This is the true South African forest with trees like the water berry and water pear, Syzygium cordatum and S. guineense, also matumi, Breonadia salicina and the quinine tree, Rauvolfia caffra.
Matumi grows down to the water's edge, with enormous roots going right into the river.
Inflorescences of the Water Pear, Syzygium guineense, resemble those of the eucalyptuses, which also belong to the family Myrtaceae.
On a shaded and rocky, narrow strip between the forest and the taxonomic garden lies a wonderful collection of ferns, ranging from the fragile, daintiest maidenhair of them all, Adiantum poirettii, to the robust and rampant climber, Stenochlaena tenuifolia seen here. This fern, once thought to be restricted to the eastern seaboard, was discovered in the Barberton area about 20 years ago.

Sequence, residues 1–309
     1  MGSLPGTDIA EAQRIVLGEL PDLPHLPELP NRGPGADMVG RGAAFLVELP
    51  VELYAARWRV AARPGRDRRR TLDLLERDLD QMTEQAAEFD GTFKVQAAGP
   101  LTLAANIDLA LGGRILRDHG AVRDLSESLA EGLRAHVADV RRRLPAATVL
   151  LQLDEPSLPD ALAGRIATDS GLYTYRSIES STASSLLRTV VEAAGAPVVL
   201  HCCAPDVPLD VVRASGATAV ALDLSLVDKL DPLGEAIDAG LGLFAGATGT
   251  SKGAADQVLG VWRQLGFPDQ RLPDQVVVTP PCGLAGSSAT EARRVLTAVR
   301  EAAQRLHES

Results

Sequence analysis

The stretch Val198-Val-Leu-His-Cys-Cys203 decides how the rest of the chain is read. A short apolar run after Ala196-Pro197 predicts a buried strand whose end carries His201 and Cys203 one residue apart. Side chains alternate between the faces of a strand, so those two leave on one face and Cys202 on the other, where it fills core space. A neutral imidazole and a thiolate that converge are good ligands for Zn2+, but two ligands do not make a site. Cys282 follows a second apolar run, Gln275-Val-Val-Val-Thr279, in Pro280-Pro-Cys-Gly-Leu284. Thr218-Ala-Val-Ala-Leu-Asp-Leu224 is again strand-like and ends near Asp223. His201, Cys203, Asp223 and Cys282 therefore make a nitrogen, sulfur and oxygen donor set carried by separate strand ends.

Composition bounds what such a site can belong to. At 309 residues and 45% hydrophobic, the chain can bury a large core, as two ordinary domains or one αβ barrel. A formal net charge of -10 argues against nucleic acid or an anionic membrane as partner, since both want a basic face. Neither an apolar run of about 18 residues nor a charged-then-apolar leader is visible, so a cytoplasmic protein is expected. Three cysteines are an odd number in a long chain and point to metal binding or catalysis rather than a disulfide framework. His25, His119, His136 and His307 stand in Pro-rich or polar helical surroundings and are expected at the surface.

John Burrows, author of Southern African ferns and fern allies (Frandsen, Sandton 1992) considers this to be one of the finest fern collections in the botanical gardens of Africa. Among the attractive bird's nest ferns is this species, Microsorium punctatum.
On a scorching summer day an amble through this verdant, cool, moist garden is sheer bliss and if it's hot enough you won't even bother to dodge the sprinklers!